First, I want to highlight this adventure for all of the positive reasons mentioned in the reviews by Navior and Lucent. However, I would like to add this review as both a response to their comments, and to take the discussion back to a DM and PC centered perspective. I think the previous reviewers’ emphases on the last section/encounter of the module as being “railroady,” or as “uninspired,” misses the main points of the adventure. I’ve listed them below in no particular order:
1. The organic feeling and background of the adventure provides an amazing flow for the story arc.
2. The PCs end the adventure in control of Baba Yaga’s Hut!
3. This adventure is oozing with a classic, dark, fairy tale aesthetic that goes a long way towards putting the fear of fey back into jaded RPGamers.
4. Players will be very excited about gaining one of the most famous artifacts in both Earth and Pathfinder legend as their new home.
5. Not all BBEGs need to be completely memorable battles.
6. Both DM and PCs will look forward to new configurations of the hut once they travel to another location. I can’t wait to see the layout in the next adventure! And I can’t wait to see the players reactions when they realize, “Oh, this place changes when we travel.”
7. If you think the last section of the four in this volume is too much of a railroad, see the author’s (Jim Groves) extensive comments in the Product Discussion.
8. The players end up in control of an amazing – and very fun – artifact by 7th level!
9. The adventure can be altered so the railroad of the last section isn’t such a “dungeon.” Use your DM's prerogative. There is a lot being said about this already online, so find whichever idea inspires you the most, and tailor the adventure to your campaign.
10. Baba Yaga’s hut as loot for the players!
11. This volume could easily be mined as a “heist adventure” for a home-grown campaign (great idea Jim, and great AP debut!).
12. Did anyone mention that the players will be world- and plane-hopping in their new spoils after killing the BBEG? Woohoo, Baba Yaga’s Hut!
If you haven’t bought this yet, get it! And on that note, subscribe—because all the adventures for this path are going to EPIC!
I was worried that this gazetteer would be a rehash of bad stereotypes about Africa, but was pleasantly surprised to see that Paizo drew upon all the complexity of that continent, providing a robust sourcebook. Not having read the Serpant’s Skull Adventure Path to which this ties, I got this book without that campaign to see if the setting would appeal to me. I found within the pages of this sourcebook an excellent balance of fluff and crunch; from the descriptions of lost kingdoms, to stats for diseases and quicksand – plus a nice selection of jungle monsters.
The book also includes random encounter tables divided by terrain (with monsters and events, such as flash floods) in the appendix. Even if you are not a DM that rolls encounters during the game, the random generator for each terrain provides a robust pool of ideas for building an outdoor adventure. One critique I have is that some of the illustrations for the cities and lost kingdoms were neither Paizo’s quality maps nor a drawing showing the location. Instead there are eight rough sketches of locations, covering nearly ¼ to ½ a page each, which did not add any extra detail to the description of these places.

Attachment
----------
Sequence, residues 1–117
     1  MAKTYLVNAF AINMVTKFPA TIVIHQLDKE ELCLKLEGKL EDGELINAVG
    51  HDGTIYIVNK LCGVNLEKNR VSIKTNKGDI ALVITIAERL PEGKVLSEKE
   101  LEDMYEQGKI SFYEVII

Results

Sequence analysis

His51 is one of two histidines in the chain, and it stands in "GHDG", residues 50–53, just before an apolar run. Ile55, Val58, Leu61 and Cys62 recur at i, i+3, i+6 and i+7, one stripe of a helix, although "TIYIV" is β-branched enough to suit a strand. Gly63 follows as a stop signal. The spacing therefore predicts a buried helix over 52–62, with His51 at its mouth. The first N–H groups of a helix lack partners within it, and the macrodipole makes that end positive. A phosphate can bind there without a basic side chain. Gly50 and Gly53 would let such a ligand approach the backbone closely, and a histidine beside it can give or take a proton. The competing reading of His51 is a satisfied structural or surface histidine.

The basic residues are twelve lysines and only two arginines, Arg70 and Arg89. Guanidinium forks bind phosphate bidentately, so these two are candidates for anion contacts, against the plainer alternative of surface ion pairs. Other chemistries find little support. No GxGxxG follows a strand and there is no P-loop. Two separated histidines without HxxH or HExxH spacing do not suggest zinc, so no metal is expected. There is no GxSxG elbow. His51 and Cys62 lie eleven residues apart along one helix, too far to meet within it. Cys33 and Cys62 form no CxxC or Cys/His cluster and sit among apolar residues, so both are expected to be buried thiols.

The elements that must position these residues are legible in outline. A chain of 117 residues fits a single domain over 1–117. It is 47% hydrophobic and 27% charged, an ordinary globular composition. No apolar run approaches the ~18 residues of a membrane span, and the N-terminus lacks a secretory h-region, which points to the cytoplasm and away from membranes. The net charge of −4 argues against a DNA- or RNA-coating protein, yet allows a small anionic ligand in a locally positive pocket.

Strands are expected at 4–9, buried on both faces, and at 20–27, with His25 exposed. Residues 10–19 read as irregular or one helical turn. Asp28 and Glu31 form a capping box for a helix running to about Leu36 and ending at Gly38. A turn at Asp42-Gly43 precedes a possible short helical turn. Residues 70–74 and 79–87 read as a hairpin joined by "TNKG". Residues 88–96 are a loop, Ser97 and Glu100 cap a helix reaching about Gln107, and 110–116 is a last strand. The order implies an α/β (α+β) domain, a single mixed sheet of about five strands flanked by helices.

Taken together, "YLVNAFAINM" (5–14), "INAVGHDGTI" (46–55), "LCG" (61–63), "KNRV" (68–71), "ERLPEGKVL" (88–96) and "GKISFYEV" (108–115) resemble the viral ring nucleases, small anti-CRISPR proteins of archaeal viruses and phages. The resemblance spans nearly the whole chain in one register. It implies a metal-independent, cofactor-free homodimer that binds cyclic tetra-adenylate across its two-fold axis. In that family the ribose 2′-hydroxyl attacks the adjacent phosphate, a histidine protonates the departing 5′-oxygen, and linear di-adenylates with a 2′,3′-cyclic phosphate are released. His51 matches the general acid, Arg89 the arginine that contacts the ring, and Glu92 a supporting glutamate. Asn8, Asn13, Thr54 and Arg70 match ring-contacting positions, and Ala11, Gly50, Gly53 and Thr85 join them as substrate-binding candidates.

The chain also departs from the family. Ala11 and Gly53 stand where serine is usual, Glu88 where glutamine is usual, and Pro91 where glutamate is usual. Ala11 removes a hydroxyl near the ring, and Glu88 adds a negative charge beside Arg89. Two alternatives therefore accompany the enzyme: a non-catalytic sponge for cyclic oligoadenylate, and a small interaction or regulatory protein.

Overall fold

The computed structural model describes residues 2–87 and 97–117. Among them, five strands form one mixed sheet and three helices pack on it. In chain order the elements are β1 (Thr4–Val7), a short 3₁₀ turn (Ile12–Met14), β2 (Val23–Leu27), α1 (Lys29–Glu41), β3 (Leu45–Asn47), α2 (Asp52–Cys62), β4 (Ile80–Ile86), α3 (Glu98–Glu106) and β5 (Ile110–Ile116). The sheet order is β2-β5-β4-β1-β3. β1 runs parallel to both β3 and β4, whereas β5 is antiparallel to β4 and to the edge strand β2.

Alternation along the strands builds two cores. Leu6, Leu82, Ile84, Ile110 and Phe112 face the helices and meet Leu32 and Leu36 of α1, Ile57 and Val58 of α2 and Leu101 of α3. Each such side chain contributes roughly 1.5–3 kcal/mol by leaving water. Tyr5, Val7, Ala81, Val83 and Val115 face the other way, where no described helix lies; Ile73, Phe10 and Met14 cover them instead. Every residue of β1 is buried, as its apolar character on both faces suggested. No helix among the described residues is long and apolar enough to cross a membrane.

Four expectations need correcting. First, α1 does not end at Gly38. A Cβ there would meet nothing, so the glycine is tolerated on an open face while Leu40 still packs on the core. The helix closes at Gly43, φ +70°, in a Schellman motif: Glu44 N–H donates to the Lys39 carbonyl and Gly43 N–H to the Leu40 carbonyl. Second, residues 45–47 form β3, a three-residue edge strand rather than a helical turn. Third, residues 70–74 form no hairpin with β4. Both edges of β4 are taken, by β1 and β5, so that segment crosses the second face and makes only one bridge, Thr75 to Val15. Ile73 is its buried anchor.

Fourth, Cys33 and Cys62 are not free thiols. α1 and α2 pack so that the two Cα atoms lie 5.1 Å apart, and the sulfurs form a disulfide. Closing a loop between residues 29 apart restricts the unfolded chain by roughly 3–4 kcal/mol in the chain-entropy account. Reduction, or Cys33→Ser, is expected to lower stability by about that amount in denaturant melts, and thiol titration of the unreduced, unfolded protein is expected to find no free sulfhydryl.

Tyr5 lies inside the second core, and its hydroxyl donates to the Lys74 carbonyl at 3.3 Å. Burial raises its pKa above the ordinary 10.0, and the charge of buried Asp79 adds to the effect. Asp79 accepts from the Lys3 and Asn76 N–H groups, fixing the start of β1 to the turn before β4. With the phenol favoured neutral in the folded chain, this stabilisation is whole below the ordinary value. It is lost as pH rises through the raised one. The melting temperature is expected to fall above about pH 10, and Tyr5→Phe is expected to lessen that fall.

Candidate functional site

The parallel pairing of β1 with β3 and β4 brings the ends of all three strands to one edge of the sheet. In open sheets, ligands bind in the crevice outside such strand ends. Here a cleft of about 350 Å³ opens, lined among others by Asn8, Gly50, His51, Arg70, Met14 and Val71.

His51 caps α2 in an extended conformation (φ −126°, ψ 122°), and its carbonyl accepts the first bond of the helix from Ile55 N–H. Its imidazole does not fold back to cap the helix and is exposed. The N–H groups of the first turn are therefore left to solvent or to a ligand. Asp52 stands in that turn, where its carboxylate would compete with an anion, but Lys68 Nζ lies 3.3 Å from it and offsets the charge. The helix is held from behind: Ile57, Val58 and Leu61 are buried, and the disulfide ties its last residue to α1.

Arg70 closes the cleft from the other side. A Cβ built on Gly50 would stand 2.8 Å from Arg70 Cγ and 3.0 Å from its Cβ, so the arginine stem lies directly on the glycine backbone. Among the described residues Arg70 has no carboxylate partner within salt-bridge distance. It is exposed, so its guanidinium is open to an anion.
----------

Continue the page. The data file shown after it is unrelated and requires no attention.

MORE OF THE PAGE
Additionally, using Senghor as the name of a city was a big misfire. To those familiar with Africa, it is the equivalent of naming an NPC Paris (it jars the suspension of disbelief). Despite these last two critiques, the Heart of the Jungle provides an amazing amount of detail, and rich ideas for a sandbox-style campaign set off the beaten path. Although I highly recommend this guidebook for the wealth of fluff and crunch, I have rated it 4 stars for the approximately 2-3 pages that should have been used for more useful material, rather than being taken up by the rough sketches of locations.
Trying not to replicate the other reviews, this campaign setting is exactly that - a sketch of many different cities and city-states within a loosely defined country. The locations are creatively detailed, with the intent to provide a HUGE variety of rulers to parlay with as players build their own domain during the Kingmaker campaign. For that it works brilliantly! There are regions to trade with, city-states to provide problems for the new PC rulers, leaders to ally with, and locations to be explored. As I read through this sourcebook cover to cover (despite often finding it difficult to stay engaged with other PDFs), I couldn't help but think about the possibilities for many of the areas.
Admittedly, as many of the other reviewers stated, this is light on crunch. If you are interested in stats, stay away from this product as there are only two gods with basic worshipper info, 5 new poisons, 1 spell, 1 alternate bard class ability, 1 region affinity, and 1 magic salve in the 32 pages. However, the nature of the sandbox campaign compliments Paizo's approach with this product: giving a huge range of idea-generating options for the GM to flesh out. The only thing I found wanting is the region to the east, immediately abutting the Stolen Lands, was not detailed as much as the other areas surrounding the campaign. However, that being said, if you are going to play Kingmaker I think the number and variety of kernels of adventure-generating encounters far outweighs that gripe.